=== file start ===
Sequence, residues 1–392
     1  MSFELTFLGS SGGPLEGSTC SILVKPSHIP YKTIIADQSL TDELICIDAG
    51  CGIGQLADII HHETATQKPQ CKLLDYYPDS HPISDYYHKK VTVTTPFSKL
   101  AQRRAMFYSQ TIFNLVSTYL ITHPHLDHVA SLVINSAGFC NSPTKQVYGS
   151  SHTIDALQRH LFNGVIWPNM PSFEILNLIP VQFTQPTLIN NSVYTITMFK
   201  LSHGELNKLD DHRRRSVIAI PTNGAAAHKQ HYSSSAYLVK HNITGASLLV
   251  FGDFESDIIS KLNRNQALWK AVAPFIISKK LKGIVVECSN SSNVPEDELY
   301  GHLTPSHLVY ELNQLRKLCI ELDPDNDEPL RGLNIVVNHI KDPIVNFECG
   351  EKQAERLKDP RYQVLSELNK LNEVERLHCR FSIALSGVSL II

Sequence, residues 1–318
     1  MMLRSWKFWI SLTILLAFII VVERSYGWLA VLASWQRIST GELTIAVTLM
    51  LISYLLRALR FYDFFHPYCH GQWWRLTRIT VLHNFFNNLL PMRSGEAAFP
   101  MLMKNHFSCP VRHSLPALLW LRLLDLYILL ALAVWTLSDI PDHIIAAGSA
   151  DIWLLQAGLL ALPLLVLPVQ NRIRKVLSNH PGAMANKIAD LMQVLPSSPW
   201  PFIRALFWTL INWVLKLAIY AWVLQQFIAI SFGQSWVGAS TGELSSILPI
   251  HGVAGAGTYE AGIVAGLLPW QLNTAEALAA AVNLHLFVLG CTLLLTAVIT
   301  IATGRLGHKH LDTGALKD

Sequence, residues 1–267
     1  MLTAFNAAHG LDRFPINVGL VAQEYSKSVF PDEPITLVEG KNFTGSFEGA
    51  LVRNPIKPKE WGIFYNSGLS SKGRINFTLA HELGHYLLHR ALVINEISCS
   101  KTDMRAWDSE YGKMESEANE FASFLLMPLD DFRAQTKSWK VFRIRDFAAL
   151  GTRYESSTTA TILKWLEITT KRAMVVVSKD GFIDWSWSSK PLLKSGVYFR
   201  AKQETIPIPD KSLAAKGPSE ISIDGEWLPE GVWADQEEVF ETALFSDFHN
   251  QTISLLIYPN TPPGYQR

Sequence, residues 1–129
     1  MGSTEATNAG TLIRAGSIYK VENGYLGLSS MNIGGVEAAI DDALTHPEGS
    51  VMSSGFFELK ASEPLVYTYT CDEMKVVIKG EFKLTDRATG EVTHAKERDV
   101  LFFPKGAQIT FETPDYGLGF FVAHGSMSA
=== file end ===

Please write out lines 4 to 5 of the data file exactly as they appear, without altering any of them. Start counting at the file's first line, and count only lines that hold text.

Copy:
   101  AQRRAMFYSQ TIFNLVSTYL ITHPHLDHVA SLVINSAGFC NSPTKQVYGS
   151  SHTIDALQRH LFNGVIWPNM PSFEILNLIP VQFTQPTLIN NSVYTITMFK